211A-211F High Street Elgin is a redevelopment of 6 townhouses that have been vacant for over 10 years. The properties are Category B & C listed and form a diminishing range of gabled buildings. The site is located within the outstanding conservation area, as identified in the Moray Local Development Plan 2015, and contributes to the medieval herringbone layout that characterises it.
Planning permission and listed building consent were approved for the redevelopment works which has ensured that 6 properties on the Buildings at Risk Register can now be removed from the list. The proposed works conserve and invest in a historic built environment resource whose future was in doubt and jeopardised by continued lack of use and therefore maintenance.
The development involved minimal changes to the exterior façade of the buildings fronting onto the lane. Existing windows were retained where possible and any replacements made to match the existing in terms of detailing. New conservation velux windows and slate vents were introduced to comply with current building standards and a lean to at the end of the terrace was removed and replaced with a new bin store with timber linings. Internally alterations were limited to decoration; stripping and replacing plasterboard, new insulation measures, kitchens and bathrooms. 2 properties were extended into roof space to create more living accommodation.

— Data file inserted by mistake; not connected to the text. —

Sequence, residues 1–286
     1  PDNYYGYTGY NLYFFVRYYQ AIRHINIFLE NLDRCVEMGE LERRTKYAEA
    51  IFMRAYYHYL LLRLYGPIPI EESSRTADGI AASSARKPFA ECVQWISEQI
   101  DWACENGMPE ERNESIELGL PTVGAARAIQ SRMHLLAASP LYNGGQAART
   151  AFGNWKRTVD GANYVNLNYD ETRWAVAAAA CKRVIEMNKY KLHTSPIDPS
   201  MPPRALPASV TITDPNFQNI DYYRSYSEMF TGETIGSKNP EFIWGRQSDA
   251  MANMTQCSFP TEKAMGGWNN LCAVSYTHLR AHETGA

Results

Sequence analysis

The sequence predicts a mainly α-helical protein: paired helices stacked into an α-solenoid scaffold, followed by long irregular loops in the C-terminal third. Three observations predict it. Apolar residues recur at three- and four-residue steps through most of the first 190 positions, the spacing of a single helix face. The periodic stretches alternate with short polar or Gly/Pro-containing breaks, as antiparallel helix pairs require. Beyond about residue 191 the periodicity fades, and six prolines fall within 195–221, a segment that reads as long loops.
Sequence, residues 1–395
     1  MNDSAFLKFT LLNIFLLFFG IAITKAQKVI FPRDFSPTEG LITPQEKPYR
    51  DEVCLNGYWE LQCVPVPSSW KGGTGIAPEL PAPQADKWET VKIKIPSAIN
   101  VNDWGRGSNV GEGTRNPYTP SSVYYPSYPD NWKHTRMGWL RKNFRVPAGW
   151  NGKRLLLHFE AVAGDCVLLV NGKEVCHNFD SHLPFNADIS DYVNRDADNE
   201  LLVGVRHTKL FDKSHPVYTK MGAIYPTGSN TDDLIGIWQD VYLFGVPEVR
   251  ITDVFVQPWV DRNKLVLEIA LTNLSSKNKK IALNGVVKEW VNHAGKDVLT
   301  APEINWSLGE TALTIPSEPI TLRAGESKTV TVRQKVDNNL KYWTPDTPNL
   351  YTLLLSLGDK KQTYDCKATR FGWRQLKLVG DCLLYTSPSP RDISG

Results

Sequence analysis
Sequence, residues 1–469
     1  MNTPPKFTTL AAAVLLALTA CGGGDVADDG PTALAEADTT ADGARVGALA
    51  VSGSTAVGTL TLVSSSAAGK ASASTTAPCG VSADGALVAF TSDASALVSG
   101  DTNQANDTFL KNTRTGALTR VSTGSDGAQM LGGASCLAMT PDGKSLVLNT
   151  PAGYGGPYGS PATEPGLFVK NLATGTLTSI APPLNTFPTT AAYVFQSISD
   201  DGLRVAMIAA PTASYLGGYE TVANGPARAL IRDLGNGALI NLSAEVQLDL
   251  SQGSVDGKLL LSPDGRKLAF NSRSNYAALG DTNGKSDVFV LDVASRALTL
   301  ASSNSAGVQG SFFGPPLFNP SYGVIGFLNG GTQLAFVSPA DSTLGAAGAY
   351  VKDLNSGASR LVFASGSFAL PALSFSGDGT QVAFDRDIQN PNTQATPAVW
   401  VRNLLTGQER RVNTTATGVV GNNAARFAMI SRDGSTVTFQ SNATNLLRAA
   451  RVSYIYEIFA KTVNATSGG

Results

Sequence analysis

Supporting StatementWorking in collaboration with the developer to identify a viable use and regeneration strategy for the 6 vacant properties complies with aims of a recent conservation area appraisal of Elgin High Street that identified a lack of residential uses within the conservation area. Ensuring occupancy has wider benefits in that buildings in use tend to be better looked after and maintained.
Prior to the application being made Moray Council Planning Department, Economic Regeneration (CARS) and Building Control had detailed discussions with Robertsons Properties to establish the scope of works proposed and how this would ensure that the special architectural interest and character of the listed buildings and wider conservation area was preserved. The Council and Robertsons worked together throughout the planning process to create a redevelopment scheme that would create inviting places for people to live while still retaining the original character of the properties and established street pattern.
From start to finish the process of identifying the vacant buildings, obtaining grant funding from the Scottish Government and CARS scheme to completion and occupation of the buildings took less than a year (July 2016 –February 2017).
The development demonstrates that collaborative working can produce well considered high quality development within the historic environment and that this partnership approach can be successfully replicated on other projects.